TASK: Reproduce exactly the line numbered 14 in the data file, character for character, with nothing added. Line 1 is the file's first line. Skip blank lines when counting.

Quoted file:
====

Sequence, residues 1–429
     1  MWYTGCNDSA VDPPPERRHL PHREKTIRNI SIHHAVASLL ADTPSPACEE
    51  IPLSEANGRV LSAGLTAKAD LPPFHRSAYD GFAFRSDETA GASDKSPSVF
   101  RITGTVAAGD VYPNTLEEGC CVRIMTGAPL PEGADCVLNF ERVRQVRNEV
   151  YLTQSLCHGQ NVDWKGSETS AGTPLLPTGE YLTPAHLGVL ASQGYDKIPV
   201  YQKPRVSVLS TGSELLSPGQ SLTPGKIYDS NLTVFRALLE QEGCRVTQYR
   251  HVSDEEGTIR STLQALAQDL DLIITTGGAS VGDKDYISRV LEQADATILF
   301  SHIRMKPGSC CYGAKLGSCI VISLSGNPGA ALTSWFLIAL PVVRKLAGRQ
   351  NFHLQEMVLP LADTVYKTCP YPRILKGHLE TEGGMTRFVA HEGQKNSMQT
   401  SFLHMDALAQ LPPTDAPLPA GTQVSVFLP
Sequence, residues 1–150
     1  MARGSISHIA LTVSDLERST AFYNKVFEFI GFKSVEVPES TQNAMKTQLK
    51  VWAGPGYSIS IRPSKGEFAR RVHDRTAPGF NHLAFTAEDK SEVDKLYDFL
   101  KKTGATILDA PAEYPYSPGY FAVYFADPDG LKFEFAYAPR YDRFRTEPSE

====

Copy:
   101  KKTGATILDA PAEYPYSPGY FAVYFADPDG LKFEFAYAPR YDRFRTEPSE